In addition to these automatically generated metrics, our tester manually created a graph of the acceptances tests, showing acceptance tests written, run, passed, and failed. This information was available on the development room whiteboard with the tasks and status of the project. A snapshot of the current state of the project was thus available on the whiteboard, while a more detailed view of the project could be found on our project wiki.

The grade card: After each iteration, we graded ourselves on the main XP practices and a few other aspects of the process that we felt were important (tester-to-developer communication, clarity of the stories, accuracy of estimates). The scores showed us the areas where the development team needed to focus, and provided some useful and immediate feedback into the process. They served as a check against our sacrificing the long-term benefits of sticking with the process for the short-term benefits of churning out more code. We found that our scores improved substantially with each iteration, with the lowest grade in the final iteration being a B-. We made these grade cards available publicly on the wiki, although we did not invite the customer into the grading process. We will consider that step for future projects, at least after a couple of iterations, when some trust has developed between developers and clients.

Object-oriented databases: We were fortunate to be able to use an object-oriented database management system (OODBMS), rather than a traditional relational database management system (RDBMS), which enabled us to treat the domain model as identical to the persistence model and therefore to be agile when refactoring the code. It's much more difficult to refactor the model when the data representation cannot be changed at will.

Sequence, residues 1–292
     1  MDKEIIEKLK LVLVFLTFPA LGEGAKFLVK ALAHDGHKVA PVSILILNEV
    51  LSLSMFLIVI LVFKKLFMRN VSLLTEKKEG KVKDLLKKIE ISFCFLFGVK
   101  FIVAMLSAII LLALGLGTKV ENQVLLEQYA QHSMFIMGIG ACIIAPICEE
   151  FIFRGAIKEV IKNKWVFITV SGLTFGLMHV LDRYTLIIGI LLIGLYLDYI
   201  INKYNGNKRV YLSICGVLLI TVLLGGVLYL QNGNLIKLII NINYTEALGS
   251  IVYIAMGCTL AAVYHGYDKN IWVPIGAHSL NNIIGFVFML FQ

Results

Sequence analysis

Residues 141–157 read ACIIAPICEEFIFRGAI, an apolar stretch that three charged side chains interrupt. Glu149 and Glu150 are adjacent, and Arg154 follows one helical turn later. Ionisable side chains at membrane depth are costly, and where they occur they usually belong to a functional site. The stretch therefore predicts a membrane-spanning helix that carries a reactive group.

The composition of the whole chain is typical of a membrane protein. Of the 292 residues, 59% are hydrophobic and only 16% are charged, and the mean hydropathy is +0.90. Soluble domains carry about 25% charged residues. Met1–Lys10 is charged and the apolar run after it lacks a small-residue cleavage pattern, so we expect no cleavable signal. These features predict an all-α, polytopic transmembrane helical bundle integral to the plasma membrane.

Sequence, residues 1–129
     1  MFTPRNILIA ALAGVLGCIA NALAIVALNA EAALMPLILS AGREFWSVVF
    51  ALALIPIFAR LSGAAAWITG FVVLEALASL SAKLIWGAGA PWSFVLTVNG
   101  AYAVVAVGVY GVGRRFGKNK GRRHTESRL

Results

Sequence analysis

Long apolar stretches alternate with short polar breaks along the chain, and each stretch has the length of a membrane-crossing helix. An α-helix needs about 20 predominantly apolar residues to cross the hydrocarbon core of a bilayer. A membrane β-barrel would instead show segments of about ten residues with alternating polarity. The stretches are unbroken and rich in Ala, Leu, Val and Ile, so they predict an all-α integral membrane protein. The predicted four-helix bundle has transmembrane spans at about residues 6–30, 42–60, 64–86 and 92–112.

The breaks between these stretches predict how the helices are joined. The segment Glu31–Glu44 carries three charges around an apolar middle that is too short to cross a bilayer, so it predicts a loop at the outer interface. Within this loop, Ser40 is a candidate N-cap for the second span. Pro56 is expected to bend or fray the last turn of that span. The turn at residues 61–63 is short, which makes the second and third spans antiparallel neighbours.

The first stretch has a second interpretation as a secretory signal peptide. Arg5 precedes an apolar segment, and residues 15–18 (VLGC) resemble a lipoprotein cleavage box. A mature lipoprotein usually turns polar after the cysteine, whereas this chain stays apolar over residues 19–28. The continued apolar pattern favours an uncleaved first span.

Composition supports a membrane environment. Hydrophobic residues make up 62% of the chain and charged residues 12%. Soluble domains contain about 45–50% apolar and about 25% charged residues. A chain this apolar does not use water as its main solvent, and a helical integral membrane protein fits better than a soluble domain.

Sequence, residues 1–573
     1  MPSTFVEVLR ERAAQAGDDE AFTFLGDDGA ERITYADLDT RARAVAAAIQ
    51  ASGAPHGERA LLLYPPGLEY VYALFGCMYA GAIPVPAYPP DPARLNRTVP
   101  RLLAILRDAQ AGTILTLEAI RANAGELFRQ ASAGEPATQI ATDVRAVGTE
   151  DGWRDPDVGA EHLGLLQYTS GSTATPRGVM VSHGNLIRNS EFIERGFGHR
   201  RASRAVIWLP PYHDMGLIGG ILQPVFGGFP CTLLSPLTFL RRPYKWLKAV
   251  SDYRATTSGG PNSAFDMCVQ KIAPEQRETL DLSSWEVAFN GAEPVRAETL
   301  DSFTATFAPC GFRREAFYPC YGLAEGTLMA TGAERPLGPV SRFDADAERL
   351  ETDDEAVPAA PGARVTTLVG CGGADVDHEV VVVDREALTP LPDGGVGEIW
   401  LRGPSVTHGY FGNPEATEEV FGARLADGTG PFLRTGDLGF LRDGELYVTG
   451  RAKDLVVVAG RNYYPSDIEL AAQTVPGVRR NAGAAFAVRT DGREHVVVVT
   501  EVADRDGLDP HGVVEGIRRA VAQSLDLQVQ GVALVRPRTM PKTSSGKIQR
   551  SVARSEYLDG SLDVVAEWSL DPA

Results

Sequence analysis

Delivery day
One aspect of XP that we had to rethink in our circumstances was the amount of documentation that was necessary. Because the client developers would be responsible for maintenance and enhancements, we needed more documentation than for an in-house project. So we put together an overview of the design along with some automatically generated UML diagrams and made sure that all our classes had Javadoc comments. We also added some installation and release documents and a developer FAQ. For most outsourcing situations, this level of documentation is probably necessary.

The final iteration was completed on Wednesday of the seventh week, with the contract concluded on Friday. As delivery day approached, we noticed how different this was compared with past experiences at other companies. The developers all left before sunset on the day before D-day, and the atmosphere during the last couple of days was relaxed and cordial, even celebratory. For our final handoff to the client, we followed Alistair Cockburn's recommendation to videotape a design discussion. We pushed all our code and documentation over to their CVS repository, burned a CD containing the code and documentation, and celebrated with beer and foosball.